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Shoal Creek gap

It’s lit: Project brings long-awaited improvements to Shoal Creek Trail

Thursday, May 3, 2018 by Caleb Pritchard

It took nearly 37 years, but the Shoal Creek Trail Gap Project is finally complete.

On Tuesday, the Public Works Department lifted the barricades on the short section of the trail that traces the creek on its bend from West Fifth Street to West Avenue.

It allows hikers and bikers to easily traverse the section for the first time since a deadly flood washed it out on Memorial Day in 1981.

“It’s really a transformative project when you think of connectivity and the Shoal Creek Trail,” Joanna Wolaver, executive director of the Shoal Creek Conservancy, said of the otherwise tiny infill project.

Before work began in July 2015, trail users coming from the north either had to climb a set of stairs up to West Fifth Street or brave a soggy, sandy trudge across the creek bed to West Avenue. Now cyclists and pedestrians will find a luxuriously wide pathway that extends from those stairs to an underpass beneath West as well as a new ramp up to that street.

The gap project took nine months longer than originally planned, largely due to a handful of floods that pummeled the creek in recent years.

“Anytime we would get anything over 2 inches of rain, we wouldn’t have access to the creek for weeks,” Public Works Department Project Manager Darryl Haba told the Austin Monitor.

Haba said the reinforced walls and stabilized stream banks are designed to withstand the kind of punishment Shoal Creek frequently delivers.

“What you see on top, there are significant footings and foundations below it,” he attested.

Despite the weather-related delays, the project itself came in under budget with a total cost of approximately $4.6 million. That money covered not only the new walls and pathways, but also the relocation of chilled water lines as well as a wastewater pipe stamped with the year 1935, according to Haba.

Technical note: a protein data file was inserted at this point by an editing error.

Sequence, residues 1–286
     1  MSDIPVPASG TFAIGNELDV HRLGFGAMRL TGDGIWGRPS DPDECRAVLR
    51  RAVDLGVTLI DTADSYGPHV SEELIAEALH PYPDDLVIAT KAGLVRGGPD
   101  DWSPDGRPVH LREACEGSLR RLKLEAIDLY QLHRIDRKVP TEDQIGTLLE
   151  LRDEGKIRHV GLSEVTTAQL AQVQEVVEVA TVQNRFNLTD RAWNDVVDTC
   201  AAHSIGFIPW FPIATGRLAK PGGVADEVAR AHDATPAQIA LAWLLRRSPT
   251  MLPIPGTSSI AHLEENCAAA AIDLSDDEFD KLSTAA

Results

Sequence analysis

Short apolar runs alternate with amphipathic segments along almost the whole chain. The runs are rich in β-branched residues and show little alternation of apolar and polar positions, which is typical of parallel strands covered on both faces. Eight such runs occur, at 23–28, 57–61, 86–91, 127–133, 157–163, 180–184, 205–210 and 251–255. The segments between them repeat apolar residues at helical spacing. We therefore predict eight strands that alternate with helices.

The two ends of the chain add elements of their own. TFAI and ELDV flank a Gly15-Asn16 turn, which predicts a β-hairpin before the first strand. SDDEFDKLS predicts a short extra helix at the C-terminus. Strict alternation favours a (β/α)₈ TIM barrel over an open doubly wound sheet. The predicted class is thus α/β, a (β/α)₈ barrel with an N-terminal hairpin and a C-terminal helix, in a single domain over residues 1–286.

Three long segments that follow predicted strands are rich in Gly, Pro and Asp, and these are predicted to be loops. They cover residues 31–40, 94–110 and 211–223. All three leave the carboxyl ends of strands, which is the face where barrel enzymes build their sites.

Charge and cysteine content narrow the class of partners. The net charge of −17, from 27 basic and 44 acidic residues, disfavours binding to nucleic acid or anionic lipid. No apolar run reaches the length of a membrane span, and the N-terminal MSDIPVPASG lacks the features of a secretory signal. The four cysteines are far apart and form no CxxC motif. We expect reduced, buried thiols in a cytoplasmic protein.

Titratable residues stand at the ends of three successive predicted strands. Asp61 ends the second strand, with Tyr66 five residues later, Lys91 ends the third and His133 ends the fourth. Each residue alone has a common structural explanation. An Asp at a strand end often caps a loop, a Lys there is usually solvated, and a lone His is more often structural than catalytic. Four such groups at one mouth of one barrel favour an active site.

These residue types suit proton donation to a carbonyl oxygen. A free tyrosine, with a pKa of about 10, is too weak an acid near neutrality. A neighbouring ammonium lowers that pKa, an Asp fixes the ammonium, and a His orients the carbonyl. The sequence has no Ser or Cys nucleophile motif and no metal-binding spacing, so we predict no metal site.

And, to a point lauded by Haba and Wolaver alike, the 0.12-mile stretch will feature new lighting along the path and underneath the two bridges that bookend it.

“It looks great at night, with the colors and all that,” Haba said.

The reopening of the gap section is the latest in an ongoing reconstitution of the lower section of the trail that has faced several construction-related disruptions in recent years. A section north of West Fifth was closed during the construction of the Shoal Creek Walk development, while construction of the Independent tower and the Central Library shut down access to lower parts of the trail.

Only the small piece adjacent to the Independent site currently remains closed. Once that skyscraper is completed and the section reopened, the Shoal Creek Trail will provide a virtually car-free path from Central Austin’s Seton Medical Center to the Roy and Ann Butler Hike-and-Bike Trail.

Wolaver’s group is currently planning a 13-mile extension of the trail to the north beyond the Domain. Meanwhile, the Public Works Department has completed a preliminary engineering study to improve the section of the trail between West 15th and West Fifth streets.

The city will hold an official ribbon-cutting ceremony for the Shoal Creek Gap Project at 300 West Ave. at 10 a.m. on May 16.

Photo courtesy of Chris Riley.

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